Thursday, August 10, 2006

Can you write books and blog at the same time?

The other day I insisted that writing romance novels isn't as easy as many people seem to believe. Well, keeping up a successful blog is nearly as difficult, and nobody knows that better than M.J. Rose of Buzz, Balls & Hype. What she posted this morning should be required reading for any author or publisher who believes blogging to be a quick, easy, effective form of book promotion:

Holtzbrinck is starting a blog initiative

The program will launch in October, and they are now looking for ten authors from each of the trade companies (Holt, SMP, FSG, Tor, and Picador) to be part of the launch of the pilot program this autumn.

The company's email to potential blogging authors who they have invited to be part of the beta launch says:

"And of course the blog will act as promotion for them and their books (in addition to any kind of press we get when we unveil the program)."

With over 50 million blogs in existence, this should be a widely noticed effort. But sarcasm aside.

While I really do admire every publisher who is looking for new ways to market books, I don't believe that putting yet more pressure on the author is the right way. This request is really no different than to suggest every writer get a gig writing a column for a newspaper - except in this case you won't get paid.

Nor do I believe that blogs sell books for the average blogger in any way that justifies the time it takes to keep the blog going.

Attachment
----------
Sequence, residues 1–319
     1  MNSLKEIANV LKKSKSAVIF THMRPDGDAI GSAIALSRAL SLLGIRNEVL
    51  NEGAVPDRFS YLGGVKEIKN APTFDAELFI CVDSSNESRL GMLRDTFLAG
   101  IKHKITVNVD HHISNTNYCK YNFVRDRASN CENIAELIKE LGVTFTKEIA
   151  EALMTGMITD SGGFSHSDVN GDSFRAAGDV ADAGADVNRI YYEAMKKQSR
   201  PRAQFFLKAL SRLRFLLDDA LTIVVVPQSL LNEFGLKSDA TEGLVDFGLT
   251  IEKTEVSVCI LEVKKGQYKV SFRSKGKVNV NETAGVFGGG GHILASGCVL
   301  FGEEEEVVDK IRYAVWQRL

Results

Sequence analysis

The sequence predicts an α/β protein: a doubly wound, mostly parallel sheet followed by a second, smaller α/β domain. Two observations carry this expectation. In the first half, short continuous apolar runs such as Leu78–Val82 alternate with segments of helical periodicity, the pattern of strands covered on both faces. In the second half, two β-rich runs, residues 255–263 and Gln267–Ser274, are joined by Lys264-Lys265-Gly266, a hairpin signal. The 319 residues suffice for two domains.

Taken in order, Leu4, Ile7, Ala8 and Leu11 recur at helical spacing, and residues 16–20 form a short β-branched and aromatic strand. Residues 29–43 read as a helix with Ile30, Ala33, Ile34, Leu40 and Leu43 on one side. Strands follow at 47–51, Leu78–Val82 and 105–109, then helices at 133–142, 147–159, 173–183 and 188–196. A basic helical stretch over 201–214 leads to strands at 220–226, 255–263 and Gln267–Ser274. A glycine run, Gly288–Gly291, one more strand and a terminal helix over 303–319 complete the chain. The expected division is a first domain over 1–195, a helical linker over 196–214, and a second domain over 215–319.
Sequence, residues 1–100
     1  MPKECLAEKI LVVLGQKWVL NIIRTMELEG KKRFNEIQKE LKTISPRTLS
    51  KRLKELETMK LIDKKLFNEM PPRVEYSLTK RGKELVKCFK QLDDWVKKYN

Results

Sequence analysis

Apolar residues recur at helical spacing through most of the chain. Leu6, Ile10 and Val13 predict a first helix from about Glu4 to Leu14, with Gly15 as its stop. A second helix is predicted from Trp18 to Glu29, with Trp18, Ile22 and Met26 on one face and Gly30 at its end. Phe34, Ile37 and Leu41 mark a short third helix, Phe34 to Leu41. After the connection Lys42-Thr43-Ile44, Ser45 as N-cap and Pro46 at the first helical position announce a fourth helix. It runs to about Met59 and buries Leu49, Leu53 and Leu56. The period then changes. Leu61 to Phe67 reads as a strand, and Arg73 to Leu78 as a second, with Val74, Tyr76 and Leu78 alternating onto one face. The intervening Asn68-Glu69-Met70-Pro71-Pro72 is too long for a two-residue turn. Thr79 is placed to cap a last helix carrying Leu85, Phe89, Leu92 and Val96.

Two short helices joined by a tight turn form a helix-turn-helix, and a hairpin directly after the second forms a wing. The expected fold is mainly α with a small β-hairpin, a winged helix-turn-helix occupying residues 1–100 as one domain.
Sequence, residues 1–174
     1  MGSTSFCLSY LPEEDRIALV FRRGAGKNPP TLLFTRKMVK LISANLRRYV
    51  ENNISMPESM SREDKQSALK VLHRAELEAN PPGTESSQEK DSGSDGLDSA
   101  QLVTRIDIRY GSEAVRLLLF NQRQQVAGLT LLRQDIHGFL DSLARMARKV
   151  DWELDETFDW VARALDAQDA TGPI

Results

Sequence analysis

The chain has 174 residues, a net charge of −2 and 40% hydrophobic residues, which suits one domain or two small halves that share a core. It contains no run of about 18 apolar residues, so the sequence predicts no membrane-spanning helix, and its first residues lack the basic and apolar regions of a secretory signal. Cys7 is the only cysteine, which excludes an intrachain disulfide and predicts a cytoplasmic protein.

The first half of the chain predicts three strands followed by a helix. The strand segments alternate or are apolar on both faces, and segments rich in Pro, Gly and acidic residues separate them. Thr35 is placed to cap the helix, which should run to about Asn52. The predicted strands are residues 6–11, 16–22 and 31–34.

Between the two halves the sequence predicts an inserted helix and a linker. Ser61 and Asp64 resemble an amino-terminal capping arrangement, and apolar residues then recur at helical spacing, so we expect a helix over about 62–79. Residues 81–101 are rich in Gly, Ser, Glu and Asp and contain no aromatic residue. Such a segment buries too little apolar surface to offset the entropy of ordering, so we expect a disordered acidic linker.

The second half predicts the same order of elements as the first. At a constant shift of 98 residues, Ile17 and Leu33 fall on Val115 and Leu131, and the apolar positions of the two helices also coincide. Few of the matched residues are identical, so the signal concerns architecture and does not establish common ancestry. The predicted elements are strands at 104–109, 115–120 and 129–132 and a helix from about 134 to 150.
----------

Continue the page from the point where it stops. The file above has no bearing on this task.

First - and I quote from that email invitation again:

"In terms of effort on the author's part, a successful blog needs to have at least three posts a week, and it only takes a few minutes post a new message, so it won't take them much time."

I don't know any successful blogger in the world who takes a few minutes a post. And it's not just simply a "post" anyway.

For a blog to be successful it has to have passion, voice, commitment, creativity. It takes a lot for the writer to bring fresh ideas to a blog on a continuing basis.
I don't usually quote such large chunks from other blogs (sue me for copyright infringement, M.J.--I could use the publicity), but that post contains many excellent points and I wanted to tempt you to click over there and read the rest of it. About the only place I disagree with M.J. is where she writes, "And we do not need to market ourselves to other writers but rather to readers."

I didn't stop reading when I became a writer. In fact, since I began writing fiction, I've been reading more fiction than ever before--and most of my writing friends will tell you it's been the same for them. So M.J.'s assumption that writers don't read other writers' blogs and then buy their books is way off base. Writers who read my blog quite often tell me they became curious enough to buy one of my books. And I've been known to check out other writers' blogs and buy their books for the same reason.